There are hundreds of petitions waiting for me to sign and as many as 435 government leaders I could write to today. There’s a march happening in about two hours and a hundred news articles I could post on my Facebook or Twitter that would give information I think is valuable for the world to know.
But I’m sitting quietly this morning, still in my pajamas, hair still a mess, heart and soul heavy – and, sad.
I remember these words from Judyth Hill:
Wage peace with your listening:
hearing sirens, pray loud.
Remember your tools:
flower seeds, clothes pins, clean rivers.
It’s only been two weeks and I’m drowning in my own unhealthy and untrue need to prove to the world that I care, that I am a part of the resistance, that I do not agree with bans and walls and fear mongering. I’m drowning in the need to prove to the world that I am angry, that I’m not complacent, that I’m not a part of the “white moderate” (as MLK says in Letter from Birmingham Jail), that I’m not a part of a Church that proclaims Jesus as Lord under the disguise of seeking to maintain power and hegemony.
So, I pause. I stop. The world spins on – madly, franticly, but I must stay still.
My tools, using the language of Hill’s poem, are love: accepting and giving, being seen and known – and knowing and seeing my neighbor. My tools are evenings at the gym where I can run and bike, yoga on Tuesdays, meditations in the morning with a cinnamon candle and rooibos tea.
My tools are church on Sundays and broken Spanish conversations and weekends with my boyfriend and listening to the podcasts I love. My tools are going to the meetings about advocating for better healthcare in an underserved part of my city, reading the Kaiser Health News articles every morning to understand what Medicaid block grants are and what health insurance mergers mean for insurance coverage and health care access.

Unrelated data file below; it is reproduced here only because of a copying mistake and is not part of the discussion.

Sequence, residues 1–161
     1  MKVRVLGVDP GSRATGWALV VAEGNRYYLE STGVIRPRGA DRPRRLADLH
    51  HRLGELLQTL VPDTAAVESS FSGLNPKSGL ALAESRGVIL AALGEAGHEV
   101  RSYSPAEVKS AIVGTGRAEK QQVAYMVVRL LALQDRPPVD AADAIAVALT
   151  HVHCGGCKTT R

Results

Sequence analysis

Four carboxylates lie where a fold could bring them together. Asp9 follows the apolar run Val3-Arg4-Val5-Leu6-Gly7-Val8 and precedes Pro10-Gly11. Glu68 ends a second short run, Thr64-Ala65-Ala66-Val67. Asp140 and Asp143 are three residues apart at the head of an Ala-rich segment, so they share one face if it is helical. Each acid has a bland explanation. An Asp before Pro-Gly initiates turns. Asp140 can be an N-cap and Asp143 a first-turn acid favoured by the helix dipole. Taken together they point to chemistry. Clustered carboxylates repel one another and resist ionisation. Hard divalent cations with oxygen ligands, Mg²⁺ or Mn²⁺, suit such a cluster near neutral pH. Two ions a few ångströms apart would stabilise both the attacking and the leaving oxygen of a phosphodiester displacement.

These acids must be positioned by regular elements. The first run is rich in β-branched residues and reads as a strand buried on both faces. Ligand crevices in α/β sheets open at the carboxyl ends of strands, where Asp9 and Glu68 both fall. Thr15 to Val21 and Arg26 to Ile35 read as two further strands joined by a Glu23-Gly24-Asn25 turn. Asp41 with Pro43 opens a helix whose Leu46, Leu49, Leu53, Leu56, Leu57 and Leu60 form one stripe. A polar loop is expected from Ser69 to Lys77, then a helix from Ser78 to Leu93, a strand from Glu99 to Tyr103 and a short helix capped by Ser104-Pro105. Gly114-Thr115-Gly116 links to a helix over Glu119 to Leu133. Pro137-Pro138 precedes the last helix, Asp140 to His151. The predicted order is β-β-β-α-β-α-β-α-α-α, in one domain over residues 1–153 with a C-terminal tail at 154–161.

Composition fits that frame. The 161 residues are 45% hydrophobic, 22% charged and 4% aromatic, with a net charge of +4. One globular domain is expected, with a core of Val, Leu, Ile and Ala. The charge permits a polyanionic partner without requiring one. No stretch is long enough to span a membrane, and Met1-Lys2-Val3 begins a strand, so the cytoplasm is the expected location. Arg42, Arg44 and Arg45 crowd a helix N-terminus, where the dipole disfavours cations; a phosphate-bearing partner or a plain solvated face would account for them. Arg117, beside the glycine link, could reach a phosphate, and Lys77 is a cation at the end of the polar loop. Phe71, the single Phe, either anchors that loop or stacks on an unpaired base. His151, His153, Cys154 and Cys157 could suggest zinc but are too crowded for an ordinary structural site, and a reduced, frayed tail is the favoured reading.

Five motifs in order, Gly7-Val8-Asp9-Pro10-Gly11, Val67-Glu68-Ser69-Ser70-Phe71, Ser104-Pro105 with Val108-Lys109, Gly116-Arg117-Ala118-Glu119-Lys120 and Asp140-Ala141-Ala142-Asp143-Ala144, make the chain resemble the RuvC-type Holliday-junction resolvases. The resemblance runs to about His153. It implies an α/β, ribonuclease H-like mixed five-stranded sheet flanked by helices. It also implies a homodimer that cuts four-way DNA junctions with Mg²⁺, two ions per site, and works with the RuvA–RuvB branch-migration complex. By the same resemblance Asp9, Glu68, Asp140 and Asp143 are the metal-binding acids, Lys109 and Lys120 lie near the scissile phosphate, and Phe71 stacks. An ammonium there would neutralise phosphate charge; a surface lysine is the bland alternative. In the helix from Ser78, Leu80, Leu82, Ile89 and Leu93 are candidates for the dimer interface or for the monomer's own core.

My tools are laughing with my sisters, drinking wine with chocolate, listening to Beyonce, holding babies in the park, eating dinner with my parents in the middle of the week.
My tools is my life – and I want to live it well, I want to live it with intentionality and integrity, and most of all, love. Love for God, which beckons me to love myself and others.
I believe in the importance of the marches and petitions and phone calls and protests. I believe so much in these movements, the importance of action. And at the same time, I’m learning that this action coexists with contemplation, slowness, and rest.
My life, imperfect as it is, is my platform. It’s a life of activity coexisting with slowness and pauses, deep breaths and saying no. It’s a life of saying yes to love – over and over again even when it hurts, even when it is messy and doesn’t fit into 140 character messages and neatly explained posts with facts and bullet points.
Today I’m learning how to float instead of drown, and I’m using the tools as best I can to keep my head above the water.